When thinking about how to manage a major incident and its impact on an operating business, the three main key areas to address are emergency response, business continuity, and disaster recovery. These disciplines have been defined and described in many different ways, but, ultimately, they are all centered on guiding an organization to more effective and efficient handling of an unplanned incident that significantly disrupts operations. Given this common goal, I’d like to discuss how integrating these areas of responsibility better informs an organization’s emergency management process and helps them bounce back faster.
In my experience, primarily in the oil and gas sector, emergency response, business continuity, and disaster recovery break down as follows. Emergency response typically involves boots on the ground activities, focusing largely on the revenue generating activities of the organization. An example of this in the case of an oil and gas emergency response would be dealing with a well blowout, gas leak, plant malfunction, or any significant threat that might impact production operations. Business continuity on the other hand involves in ensuring that the supporting business functions have been considered in the mix, and that there is an understanding on how the critical business functions will continue, should a major disruption occur at support centers. This could involve downtown headquarters, field offices, supply centers, data centers, and call centers. Derived from business continuity planning activity, disaster recovery focuses primarily on the IT specific activities, with the understanding that IT infrastructure is the foundation for virtually all business processing.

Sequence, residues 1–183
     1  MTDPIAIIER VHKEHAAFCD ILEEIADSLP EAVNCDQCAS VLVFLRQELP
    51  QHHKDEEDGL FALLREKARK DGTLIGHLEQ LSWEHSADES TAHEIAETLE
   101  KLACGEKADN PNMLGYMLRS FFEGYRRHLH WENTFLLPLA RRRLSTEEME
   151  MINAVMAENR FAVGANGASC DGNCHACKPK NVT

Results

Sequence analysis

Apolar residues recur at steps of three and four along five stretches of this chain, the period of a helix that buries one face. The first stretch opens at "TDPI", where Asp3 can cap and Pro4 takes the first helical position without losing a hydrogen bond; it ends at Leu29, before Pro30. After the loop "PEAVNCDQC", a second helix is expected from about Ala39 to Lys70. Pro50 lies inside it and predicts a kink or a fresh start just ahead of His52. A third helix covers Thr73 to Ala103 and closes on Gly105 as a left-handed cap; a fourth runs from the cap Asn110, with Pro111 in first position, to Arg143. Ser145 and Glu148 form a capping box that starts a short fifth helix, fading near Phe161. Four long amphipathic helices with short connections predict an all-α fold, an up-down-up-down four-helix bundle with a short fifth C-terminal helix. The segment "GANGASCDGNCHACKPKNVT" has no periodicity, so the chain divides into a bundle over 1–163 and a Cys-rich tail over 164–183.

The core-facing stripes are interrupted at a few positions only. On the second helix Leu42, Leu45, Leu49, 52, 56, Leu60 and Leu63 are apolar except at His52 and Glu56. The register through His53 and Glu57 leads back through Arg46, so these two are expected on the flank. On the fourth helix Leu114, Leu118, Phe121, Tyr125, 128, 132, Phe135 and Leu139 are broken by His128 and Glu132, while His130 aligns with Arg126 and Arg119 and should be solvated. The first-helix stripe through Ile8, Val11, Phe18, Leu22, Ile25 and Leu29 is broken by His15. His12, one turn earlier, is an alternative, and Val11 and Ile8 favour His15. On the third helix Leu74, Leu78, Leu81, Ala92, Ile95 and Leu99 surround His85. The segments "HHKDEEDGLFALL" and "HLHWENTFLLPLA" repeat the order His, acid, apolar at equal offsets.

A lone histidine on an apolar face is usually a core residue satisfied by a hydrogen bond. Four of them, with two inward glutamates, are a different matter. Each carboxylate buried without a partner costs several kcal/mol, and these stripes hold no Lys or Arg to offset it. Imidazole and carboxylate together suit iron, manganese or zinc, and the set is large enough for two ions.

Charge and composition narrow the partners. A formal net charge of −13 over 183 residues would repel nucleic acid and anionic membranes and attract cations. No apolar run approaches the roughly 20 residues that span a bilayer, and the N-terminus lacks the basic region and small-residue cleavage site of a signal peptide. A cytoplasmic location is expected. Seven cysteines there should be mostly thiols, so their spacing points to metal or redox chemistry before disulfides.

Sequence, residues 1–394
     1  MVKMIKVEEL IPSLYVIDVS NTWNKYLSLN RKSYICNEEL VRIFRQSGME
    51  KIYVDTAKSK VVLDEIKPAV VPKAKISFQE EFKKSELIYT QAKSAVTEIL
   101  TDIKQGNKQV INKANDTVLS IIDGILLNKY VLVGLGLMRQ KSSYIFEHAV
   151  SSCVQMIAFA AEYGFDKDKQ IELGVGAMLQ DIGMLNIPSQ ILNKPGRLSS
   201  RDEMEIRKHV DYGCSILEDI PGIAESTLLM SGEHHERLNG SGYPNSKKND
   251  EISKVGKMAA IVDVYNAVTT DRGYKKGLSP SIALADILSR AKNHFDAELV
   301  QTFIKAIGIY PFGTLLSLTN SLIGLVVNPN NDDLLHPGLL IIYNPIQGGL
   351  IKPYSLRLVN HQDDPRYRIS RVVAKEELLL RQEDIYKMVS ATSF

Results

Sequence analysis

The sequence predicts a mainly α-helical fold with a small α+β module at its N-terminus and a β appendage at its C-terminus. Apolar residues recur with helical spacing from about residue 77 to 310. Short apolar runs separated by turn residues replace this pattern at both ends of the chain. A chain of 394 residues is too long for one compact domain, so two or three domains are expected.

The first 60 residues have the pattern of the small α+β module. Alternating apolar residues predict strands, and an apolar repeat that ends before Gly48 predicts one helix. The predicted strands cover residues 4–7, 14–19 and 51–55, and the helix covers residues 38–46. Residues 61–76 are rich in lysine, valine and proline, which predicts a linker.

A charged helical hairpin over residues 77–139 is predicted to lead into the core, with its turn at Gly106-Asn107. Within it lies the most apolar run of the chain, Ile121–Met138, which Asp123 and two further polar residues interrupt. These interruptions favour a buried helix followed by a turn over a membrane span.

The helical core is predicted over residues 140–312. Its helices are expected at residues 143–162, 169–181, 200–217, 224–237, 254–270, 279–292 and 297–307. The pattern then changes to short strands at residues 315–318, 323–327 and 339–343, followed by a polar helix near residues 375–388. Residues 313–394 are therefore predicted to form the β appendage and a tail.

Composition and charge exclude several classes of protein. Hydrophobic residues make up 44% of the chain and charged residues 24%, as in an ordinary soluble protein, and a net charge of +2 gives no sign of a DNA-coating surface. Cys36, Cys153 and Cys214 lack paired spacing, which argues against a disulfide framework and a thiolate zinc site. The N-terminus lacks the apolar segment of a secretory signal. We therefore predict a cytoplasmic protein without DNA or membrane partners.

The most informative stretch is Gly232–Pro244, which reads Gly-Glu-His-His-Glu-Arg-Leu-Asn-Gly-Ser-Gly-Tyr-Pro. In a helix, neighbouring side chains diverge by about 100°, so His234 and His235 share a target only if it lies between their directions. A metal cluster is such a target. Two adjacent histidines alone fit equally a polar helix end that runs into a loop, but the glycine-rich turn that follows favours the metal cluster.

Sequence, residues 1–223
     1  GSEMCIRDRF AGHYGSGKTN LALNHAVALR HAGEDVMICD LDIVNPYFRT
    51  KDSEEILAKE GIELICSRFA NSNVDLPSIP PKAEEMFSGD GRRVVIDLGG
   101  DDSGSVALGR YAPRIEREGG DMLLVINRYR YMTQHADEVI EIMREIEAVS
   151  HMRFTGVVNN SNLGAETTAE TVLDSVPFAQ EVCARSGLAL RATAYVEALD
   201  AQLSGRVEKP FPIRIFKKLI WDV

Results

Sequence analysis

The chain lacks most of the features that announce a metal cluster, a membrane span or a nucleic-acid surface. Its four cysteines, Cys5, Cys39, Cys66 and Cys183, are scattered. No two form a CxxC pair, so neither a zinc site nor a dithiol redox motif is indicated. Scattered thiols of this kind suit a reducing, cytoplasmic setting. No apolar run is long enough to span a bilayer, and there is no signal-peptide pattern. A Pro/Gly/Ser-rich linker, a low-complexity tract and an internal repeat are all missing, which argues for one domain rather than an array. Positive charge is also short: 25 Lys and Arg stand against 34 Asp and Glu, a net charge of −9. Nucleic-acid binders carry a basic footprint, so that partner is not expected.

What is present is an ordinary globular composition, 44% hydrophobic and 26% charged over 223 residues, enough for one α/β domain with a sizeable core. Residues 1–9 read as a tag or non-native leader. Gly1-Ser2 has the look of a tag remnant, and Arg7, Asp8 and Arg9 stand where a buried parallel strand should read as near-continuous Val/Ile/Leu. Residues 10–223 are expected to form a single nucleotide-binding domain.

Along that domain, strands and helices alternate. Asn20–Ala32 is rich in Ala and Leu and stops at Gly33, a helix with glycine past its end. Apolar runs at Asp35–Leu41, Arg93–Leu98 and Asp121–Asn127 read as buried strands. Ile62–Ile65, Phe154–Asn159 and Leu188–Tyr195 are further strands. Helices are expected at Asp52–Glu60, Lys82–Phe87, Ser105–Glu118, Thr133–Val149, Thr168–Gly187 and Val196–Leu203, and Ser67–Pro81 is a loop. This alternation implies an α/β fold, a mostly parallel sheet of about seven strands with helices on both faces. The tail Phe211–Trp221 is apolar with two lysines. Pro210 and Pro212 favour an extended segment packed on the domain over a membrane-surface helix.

Within these different fields of business operations there is a division of responsibilities. More often than not, there’s also a separation of processes and systems to manage them. There are different skills sets involved in each and all of these skills require a different knowledge and competency base. They vary from determining and understanding critical business relationships and establishing redundant supply chains, to configuring a database for high availability, to controlling a gas leak containing H2S. Based on these differences, the business operations processes and systems to address them have largely grown up independent of each other. But at the core of managing a major incident, the fundamental keys to success are the same across all three disciplines. There is a response organization that must be activated and managed, there is communication that must take place, there are tasks that must get done, and there is planning information that must be available when and where it is needed. Is it not possible to imagine a system that can bring together the emergency response, business continuity planning,and disaster recovery activities within an organization? At Hexagon Safety & Infrastructure, we have a solution that does exactly that.